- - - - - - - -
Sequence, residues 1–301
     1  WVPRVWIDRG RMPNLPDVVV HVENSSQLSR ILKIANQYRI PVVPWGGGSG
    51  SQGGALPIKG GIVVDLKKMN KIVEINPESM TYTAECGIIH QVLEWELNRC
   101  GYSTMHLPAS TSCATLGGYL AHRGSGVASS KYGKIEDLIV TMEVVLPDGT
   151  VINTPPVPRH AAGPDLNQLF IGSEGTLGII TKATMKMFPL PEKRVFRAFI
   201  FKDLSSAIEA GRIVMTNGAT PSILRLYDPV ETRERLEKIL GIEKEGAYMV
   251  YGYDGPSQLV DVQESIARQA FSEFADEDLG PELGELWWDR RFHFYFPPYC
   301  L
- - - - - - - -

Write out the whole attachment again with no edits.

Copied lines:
Sequence, residues 1–301
     1  WVPRVWIDRG RMPNLPDVVV HVENSSQLSR ILKIANQYRI PVVPWGGGSG
    51  SQGGALPIKG GIVVDLKKMN KIVEINPESM TYTAECGIIH QVLEWELNRC
   101  GYSTMHLPAS TSCATLGGYL AHRGSGVASS KYGKIEDLIV TMEVVLPDGT
   151  VINTPPVPRH AAGPDLNQLF IGSEGTLGII TKATMKMFPL PEKRVFRAFI
   201  FKDLSSAIEA GRIVMTNGAT PSILRLYDPV ETRERLEKIL GIEKEGAYMV
   251  YGYDGPSQLV DVQESIARQA FSEFADEDLG PELGELWWDR RFHFYFPPYC
   301  L